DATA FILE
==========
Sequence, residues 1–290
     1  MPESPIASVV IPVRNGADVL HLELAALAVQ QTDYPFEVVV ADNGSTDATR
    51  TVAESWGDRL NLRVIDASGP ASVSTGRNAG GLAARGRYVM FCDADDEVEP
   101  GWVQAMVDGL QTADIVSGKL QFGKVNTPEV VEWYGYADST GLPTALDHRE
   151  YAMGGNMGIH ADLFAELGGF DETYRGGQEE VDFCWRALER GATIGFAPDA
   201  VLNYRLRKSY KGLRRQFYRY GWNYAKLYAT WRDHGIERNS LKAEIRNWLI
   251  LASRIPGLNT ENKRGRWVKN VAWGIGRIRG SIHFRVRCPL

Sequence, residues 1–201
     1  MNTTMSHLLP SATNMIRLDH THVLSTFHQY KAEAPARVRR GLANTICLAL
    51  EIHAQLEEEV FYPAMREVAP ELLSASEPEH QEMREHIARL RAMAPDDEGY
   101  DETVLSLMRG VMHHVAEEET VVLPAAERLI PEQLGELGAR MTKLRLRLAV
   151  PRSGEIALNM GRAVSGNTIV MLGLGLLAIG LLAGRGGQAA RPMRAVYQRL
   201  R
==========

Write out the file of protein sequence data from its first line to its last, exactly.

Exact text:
Sequence, residues 1–290
     1  MPESPIASVV IPVRNGADVL HLELAALAVQ QTDYPFEVVV ADNGSTDATR
    51  TVAESWGDRL NLRVIDASGP ASVSTGRNAG GLAARGRYVM FCDADDEVEP
   101  GWVQAMVDGL QTADIVSGKL QFGKVNTPEV VEWYGYADST GLPTALDHRE
   151  YAMGGNMGIH ADLFAELGGF DETYRGGQEE VDFCWRALER GATIGFAPDA
   201  VLNYRLRKSY KGLRRQFYRY GWNYAKLYAT WRDHGIERNS LKAEIRNWLI
   251  LASRIPGLNT ENKRGRWVKN VAWGIGRIRG SIHFRVRCPL

Sequence, residues 1–201
     1  MNTTMSHLLP SATNMIRLDH THVLSTFHQY KAEAPARVRR GLANTICLAL
    51  EIHAQLEEEV FYPAMREVAP ELLSASEPEH QEMREHIARL RAMAPDDEGY
   101  DETVLSLMRG VMHHVAEEET VVLPAAERLI PEQLGELGAR MTKLRLRLAV
   151  PRSGEIALNM GRAVSGNTIV MLGLGLLAIG LLAGRGGQAA RPMRAVYQRL
   201  R